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Old 01-02-2014, 06:47 PM
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Shiraz (Ray)
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Join Date: Apr 2010
Location: ardrossan south australia
Posts: 4,827
the REALLY EASY way to work out sub exposure times

Was going through SNR theory for another purpose and suddenly realised that there is a very easy way to work out the best CCD sub exposure time while imaging.

Rather than go to online calculators and calibrate the system, all you need to do is make sure that the sub exposure length is long enough that the average background sky signal is above a target ADU value found from:

targetADU = Bias + 10*RN*RN/camera_gain

where the Bias is the normal bias level your camera produces, the camera_gain is the internal conversion factor (electrons/ADU) and RN is the camera read noise in electrons. This data should be fairly readily available for your camera.

When you have done the above calculation once for your camera, you thereafter use that targetADU value and (on the fly) choose exposures long enough to reach it, for whatever scope/filter/conditions etc that you have. It will provide you with an SNR that is within 5% of the best possible SNR, while preserving the dynamic range (in the same way as the online calculators). You don't need to know anything more than a single targetADU figure to ensure that your exposures are as effective as possible for whatever system you wish to put your camera on, or whatever the sky brightness is like.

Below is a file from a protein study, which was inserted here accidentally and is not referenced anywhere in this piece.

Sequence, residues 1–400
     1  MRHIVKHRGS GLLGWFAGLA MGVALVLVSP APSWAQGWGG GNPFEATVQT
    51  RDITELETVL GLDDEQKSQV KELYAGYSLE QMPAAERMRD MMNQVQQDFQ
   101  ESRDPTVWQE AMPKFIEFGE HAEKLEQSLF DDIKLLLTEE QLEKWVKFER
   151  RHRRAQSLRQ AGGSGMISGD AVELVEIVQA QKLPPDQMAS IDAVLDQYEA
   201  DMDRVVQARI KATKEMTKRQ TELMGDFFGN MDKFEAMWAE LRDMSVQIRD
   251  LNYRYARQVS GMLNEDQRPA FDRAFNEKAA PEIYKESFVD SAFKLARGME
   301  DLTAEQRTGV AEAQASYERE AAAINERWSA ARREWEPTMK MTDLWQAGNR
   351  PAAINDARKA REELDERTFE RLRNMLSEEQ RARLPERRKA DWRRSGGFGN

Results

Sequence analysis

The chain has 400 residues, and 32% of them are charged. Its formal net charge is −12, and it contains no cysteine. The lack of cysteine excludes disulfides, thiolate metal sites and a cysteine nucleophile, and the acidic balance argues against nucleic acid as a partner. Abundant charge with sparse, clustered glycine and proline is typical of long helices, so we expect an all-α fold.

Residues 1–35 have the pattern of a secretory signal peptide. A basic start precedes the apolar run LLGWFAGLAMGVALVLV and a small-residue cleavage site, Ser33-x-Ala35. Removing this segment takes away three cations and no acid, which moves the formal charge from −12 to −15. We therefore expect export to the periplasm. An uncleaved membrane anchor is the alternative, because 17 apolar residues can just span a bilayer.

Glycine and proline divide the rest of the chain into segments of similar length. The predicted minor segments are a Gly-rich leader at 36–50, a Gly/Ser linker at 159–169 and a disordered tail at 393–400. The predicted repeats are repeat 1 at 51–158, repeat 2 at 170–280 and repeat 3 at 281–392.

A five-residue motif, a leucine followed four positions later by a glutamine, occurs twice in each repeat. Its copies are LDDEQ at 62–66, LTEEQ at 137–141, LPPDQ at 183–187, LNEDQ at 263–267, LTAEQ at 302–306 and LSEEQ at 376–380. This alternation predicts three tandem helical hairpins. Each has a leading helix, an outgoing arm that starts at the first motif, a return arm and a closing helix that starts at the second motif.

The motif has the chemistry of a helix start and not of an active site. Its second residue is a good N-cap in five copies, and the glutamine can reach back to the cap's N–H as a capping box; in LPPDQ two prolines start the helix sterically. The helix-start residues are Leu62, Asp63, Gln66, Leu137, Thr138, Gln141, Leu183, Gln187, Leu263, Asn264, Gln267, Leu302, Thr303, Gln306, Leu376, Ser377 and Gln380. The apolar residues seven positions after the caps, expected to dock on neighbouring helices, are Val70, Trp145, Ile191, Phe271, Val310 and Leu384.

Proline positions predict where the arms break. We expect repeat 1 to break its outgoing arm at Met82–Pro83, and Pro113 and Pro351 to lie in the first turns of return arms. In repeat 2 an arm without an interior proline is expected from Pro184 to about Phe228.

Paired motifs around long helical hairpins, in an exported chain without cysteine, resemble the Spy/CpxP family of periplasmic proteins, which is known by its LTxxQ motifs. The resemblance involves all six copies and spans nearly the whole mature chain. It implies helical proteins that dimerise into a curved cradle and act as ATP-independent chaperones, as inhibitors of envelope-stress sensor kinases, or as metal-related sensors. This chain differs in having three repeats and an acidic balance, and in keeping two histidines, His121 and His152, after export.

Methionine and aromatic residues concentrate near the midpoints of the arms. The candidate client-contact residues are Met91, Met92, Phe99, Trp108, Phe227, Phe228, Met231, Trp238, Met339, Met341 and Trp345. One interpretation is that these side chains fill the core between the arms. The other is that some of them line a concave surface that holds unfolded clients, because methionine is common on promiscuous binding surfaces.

As an example, my H694 has a bias of about 1100, a read noise of about 5.6 and a gain of about 0.3, so the targetADU is about 2150. On a clear night I will typically get this in 5+ minute subs on my current system, but hazy bright sky nights will only require about 2-3 minute subs. I can use the same targetADU figure for working out colour subs (which need to be longer than luminance subs), unless I choose shorter colour subs for extended dynamic range. When I get my new scope running, I will use the same targetADU value and choose exposures that yield the targetADU with that system.

You can use shorter subs (lower ADU) if you wish to get high dynamic range, but you will need to expose for a longer total time. Longer subs (higher background than the targetADU) will not change the overall SNR significantly, but will reduce the dynamic range. The calculation will work for narrowband as well, although you will need to include dark current in the average background signal estimate.

This process is so easy to use that I am embarrassed that I did not think of it before now. Hope it is useful and would be grateful for any feedback.

I don't think that this applies to dslr cameras, where the system noise varies with exposure time - it requires a camera with stable characteristics. Also, have no idea what complications the Bayer filters on an OSC introduce.

regards ray

Last edited by Shiraz; 03-02-2014 at 09:10 PM.
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